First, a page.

If your baby sleeps in a cloth cradle or jhoola make sure it is placed and used correctly.
    If you and your baby sleep on the floor cover and close off all plug points near the mattress and remove any wiring.
    If you're using a palna, make sure it is still suitable for your growing baby and consider all safety precautions.
    When your baby gets up on his hands and knees, remove mobiles and hanging toys from his cot.
    Don't keep any electronic gadgets, loose wires or appliances near your baby's cot.
    Don't leave toys, especially large stuffed toys in the crib when your baby is sleeping.
    Keep the drop side of the crib or cot up and locked when you're not in the room.
    Don't let your baby sleep or nap on pillows or fluffy bedding such as comforters.
    Don't put your baby to sleep on water beds or other soft surfaces.

    Doors
    Use doorstops to protect your baby's fingers.
    For doors with automatic locks, disable the locks or keep extra keys in a central place.

    Electrical sockets, cords, and appliances
    Put safety plugs or outlet covers in unused plug points or sockets.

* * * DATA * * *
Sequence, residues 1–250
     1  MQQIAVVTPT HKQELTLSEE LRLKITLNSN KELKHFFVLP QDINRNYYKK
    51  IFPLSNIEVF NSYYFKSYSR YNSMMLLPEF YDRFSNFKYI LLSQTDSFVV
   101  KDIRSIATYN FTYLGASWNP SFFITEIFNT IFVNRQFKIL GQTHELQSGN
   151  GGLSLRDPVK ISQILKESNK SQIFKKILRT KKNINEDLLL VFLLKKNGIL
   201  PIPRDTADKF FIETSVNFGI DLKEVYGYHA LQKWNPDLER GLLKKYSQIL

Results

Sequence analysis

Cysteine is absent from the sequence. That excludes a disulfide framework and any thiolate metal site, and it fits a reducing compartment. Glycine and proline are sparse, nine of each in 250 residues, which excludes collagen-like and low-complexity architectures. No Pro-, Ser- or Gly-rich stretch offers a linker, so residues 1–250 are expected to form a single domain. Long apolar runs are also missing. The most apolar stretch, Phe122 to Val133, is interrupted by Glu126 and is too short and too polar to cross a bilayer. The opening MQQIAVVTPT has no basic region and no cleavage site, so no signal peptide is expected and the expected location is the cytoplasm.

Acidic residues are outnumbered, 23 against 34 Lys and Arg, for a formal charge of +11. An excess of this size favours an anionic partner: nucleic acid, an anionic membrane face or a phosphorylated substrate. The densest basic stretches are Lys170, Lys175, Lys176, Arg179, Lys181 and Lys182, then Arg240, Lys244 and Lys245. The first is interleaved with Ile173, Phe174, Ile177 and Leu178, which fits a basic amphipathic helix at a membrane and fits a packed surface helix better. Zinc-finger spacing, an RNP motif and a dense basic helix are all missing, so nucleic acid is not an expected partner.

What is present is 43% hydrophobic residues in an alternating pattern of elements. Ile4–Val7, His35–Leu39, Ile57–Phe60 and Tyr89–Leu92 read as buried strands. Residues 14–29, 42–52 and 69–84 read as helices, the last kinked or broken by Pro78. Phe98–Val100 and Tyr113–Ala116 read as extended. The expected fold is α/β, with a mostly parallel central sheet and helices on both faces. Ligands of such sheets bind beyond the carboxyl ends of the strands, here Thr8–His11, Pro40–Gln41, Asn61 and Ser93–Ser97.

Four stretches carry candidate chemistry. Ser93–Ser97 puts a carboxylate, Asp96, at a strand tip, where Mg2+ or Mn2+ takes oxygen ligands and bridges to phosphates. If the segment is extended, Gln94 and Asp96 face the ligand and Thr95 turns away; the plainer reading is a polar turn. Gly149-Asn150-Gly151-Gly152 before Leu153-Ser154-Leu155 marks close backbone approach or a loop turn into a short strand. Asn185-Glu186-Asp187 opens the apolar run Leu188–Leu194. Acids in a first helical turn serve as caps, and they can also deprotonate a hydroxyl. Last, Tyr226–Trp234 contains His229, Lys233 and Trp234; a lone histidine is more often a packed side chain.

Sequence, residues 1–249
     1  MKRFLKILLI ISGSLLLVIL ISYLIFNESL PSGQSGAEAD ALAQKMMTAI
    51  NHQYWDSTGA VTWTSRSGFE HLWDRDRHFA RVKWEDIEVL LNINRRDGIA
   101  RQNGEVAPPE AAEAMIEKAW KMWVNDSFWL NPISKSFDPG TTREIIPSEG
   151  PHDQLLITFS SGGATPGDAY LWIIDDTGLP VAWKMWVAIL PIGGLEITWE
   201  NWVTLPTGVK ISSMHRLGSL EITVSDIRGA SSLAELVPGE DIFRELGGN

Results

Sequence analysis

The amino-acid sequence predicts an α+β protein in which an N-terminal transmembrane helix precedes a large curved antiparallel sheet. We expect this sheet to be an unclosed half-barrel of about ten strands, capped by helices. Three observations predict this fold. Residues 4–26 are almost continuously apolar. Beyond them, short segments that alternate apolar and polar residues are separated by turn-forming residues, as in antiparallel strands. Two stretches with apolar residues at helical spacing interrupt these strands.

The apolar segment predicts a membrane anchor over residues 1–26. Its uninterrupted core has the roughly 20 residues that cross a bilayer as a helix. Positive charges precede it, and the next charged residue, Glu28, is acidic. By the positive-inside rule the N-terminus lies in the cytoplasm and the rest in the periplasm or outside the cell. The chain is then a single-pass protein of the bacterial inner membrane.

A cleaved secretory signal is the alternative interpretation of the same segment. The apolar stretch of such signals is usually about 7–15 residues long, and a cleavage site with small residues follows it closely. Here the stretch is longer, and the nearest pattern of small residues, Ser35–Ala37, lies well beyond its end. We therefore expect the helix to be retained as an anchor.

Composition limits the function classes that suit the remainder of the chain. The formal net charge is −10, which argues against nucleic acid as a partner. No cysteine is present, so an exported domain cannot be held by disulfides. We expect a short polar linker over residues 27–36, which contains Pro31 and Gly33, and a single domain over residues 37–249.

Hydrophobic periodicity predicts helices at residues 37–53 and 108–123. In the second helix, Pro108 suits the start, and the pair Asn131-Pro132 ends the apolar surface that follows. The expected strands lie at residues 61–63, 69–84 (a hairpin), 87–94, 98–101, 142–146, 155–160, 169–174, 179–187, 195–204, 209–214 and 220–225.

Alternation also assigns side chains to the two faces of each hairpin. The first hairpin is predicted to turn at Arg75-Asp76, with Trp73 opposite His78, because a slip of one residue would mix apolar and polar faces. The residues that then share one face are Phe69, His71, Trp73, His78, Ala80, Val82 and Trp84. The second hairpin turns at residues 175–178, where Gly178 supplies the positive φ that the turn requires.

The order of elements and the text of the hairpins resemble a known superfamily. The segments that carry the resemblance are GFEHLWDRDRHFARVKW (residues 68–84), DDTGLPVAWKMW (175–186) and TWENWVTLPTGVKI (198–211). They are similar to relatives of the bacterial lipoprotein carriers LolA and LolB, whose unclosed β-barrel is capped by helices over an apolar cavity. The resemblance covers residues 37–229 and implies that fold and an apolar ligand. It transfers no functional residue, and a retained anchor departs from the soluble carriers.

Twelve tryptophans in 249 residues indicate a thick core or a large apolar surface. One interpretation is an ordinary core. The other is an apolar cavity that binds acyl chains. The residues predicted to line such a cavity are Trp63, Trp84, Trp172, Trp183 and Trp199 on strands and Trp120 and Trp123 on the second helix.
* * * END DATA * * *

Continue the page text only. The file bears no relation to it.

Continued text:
Hide electrical cords behind furniture.
    Keep blow dryers, toasters, ovens and other appliances unplugged and out of reach.
    Get all appliances serviced regularly to keep them in good condition and to avoid short circuits.

    Preventing falls
    Never leave your baby alone on beds or sofas, in a bouncy chair or high chair, on the changing table, or in any other spot from which he can fall.
    Use window guards, grills or rails on windows.
    Install safety gates to block stairways at the bottom and top.
    If railings have openings wider than 6.5cms, block the gaps with plastic or bamboo garden fencing, wire mesh, or other material.
    If you live in a highrise apartment building, make sure your balconies or any open areas are secure. Never leave your baby unattended on the balcony.
    Use the safety strap when your baby is in a highchair or swing.
    At the supermarket, use safety belts on shopping trolleys (or bring one of your own).

    Fire prevention
    Check smoke and fire detectors regularly.
    Plan a fire escape route and take part in fire drills in your locality.
    If you light agarbattis, diyas or mosquito repellent coils, make sure your baby can't reach them.
    Don't let your baby get close to the gas stove, fireplace, bonfires or any open flame.

    First-aid
    Keep an infant first-aid kit handy at all times. Check the expiry date of medicines from time to time.
    See our illustrated guide to choking.

    Forbidden territory
    Keep knives, breakables, heavy pans, and other dangerous items locked up or out of reach.
    Control access to unsafe areas with safety gates, door locks, and knob covers.
    Put locks or latches on accessible cupboards and drawers that house unsafe items.
    Keep garbage bins away from your baby's sight. It's best to buy dustbins with child-resistant covers.